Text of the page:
tainly, if congress intentionally omitted in the fourth clause all reference to the preceding section of the act, courts are not justified in holding that such reference was n.evertheless and that the clause ofthe act must be construed as though it wntained that which c.()ngress had carefully excluded therefrom. As is said by the supreme court in Lake County v. Rollins, 9 Sup. Ct. Rep. 651: "To get at the thought or meaning expressed in a statute, a contract, or a constitution, the first resort, in all cases, is to the natural signification of the words, in the order of grammatical arrangement in which the framers 'of the instrument have plac.pd them. If the words convey a definit4;l meaning, which involves no absurdity, nor any contradiction of other parts of the instrument, then that; meaning, apparent on the fac!' of the instrument, must be accepted, and neither the courts nor the legislature have the right to add to it or take from it. * * So, also, where a law is expressed, in plain and unambiguous terms,. whether those terms are general or limited, the legisllj,ture be. inte.Qdedto mean what they have, plainlyexpressed,and room is left for construction." . ' , Comparing the structural·form of the act of 1875 with that Qftheact of 1888, there will be found a radical difference therein. In, the fooner act we,.findin both the firstand second sections thereof'S gether iIi'()ne sentence in each section of the several classes.oLdases of which jurisdicti<:>n, can be had,either originally or by removal, in. the Unitedl:3tates circuit courts under ,the terms ofthat:act. Iuthe act of 1888; on the contrary, the seyeri\l clauses of the second section. are disand the form thereof clearly indicates that eachJsto be tinct clause is intended to indic$.te by·its own so rea(l terms,whether it is to be read in connection with any other section or elauseofthe actor not. The right of removal on the ground of prej'Jdice was first conferred by the act of 1867. In the case of Johnsan v. Monell, Woolw. 890, Mr. Justice MILLER, in construing this act, held that the act worked important changes in the law on this subject, and that in determining when a removal under it could be had, its proyisi.ona Were not limited by the previous statutes. In Gaine8 v. Puentes, 92 U. S. 10, it was held that the act of 1867 ",cov,ered every possible 98se involving controversies between citizens of the state .where the suit Wl,Ill brQQgbt and citizens of other states, if the matter in dispute, exclusive of costs, e;l\<;eeded the sum of $500. ,. * * Th.eonly test was, did it involve a controversy between citizens of the state and citizens of other states, and did the matter in dispute exceed a specified amount?" There is nothing in the subsequent legislation on this subject that changes the rule of construction thus applied to the act of 1867. 'l'he act of 1875 did not deal with this particular class of cases. When, therefore, the act of 1888 was adopted, we are not justified in holding that the rule previously recognized was intended to be changed, unless such is the fair, and natural import of the language used in the act. So far from the terms of that act indicating any such purpose it would seem .as though congress had carefully framed the act so as to conform to the recognized construction of the previous statutes, and the only test now prescribed for determining whether the case belongs to the class that are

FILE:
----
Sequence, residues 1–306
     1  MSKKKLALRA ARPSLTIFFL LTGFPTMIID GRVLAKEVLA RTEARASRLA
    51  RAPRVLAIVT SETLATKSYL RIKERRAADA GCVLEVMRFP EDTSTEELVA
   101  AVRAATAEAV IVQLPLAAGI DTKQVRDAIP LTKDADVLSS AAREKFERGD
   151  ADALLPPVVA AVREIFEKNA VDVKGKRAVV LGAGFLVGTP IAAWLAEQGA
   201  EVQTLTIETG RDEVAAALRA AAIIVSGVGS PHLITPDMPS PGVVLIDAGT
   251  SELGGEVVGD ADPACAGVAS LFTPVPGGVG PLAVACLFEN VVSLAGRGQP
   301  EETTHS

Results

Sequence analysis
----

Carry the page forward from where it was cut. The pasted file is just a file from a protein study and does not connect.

removable on the ground of pllejudiceis, does the suit involve a colltroversy between a citizen of the state wherein it'is pei?-ding and a ant who is a citizenofahother state? It is urged that this construction opens the door to a removal, under the given circumstances, of a case from any state court regardless of the amount involved, and that such could not have been the intent of congress. In Gaine8 v. Fuentes, 8upra, the supreme cpurtexpresi:lly holds that under the act of 1867 "it mattered ,not whether the suit was brought ina state court of limited or gen-' eral jurisdiction." The abrogation' of the previously existing limitation of $500 as the amquptinvolved was' a matter solely for congress to tennine. There can be no question that'thislimitation of $500 is abrogated, and none other can be claimed to exist except that of $2,000. Can it be said that it was unwise for congress to enact that where a citizen of a state is sued in a state other than that ofwhich he is a citizen, and he can make it appear that by reason of prejudice or loca.l influence he cannot obtain justice in the state courts, he should have the right to remove the suit into the federal courts? The realp'urposeof such legislation is to afford parties an impartial tribunal, and the ground for the removal is not the amount in controversy, but the existence of local prejudice affecting the rights of a. non-resident defendant. Whether a defendant; under such circumstances,;shol1ld be compelled to remain in the state courts simply because thtl amount involved did not exceed a given sum was for congress todeternline, and the construction of the act ofcongress cannot be controlled by what the court or counsel might deem to be wisdomorull\visdom iDsuch legislative action. If,however, this line of argument is resorted to, certainly much can be advanced in support of the propriety of the rule that,"where udice or local influence is shown to exist,adefendatlt who issued in a state other than that whereof he is a oitizen, should have the right .to remove the cause, regardless of the amount invol\Ted. The conclusion reached is that the statute, of 1888 repeals the third clause of section of.the Revised Statutes, and enacts in lieu thereof the fourth clau8e ofthe second section of the act o(t888, 'and that uuder its provisions the amountinvolved is not an eJ'Jment itl determining the removability of a suit. It follows that the petition for removal of this cause is granted, and the proper order will be entered. '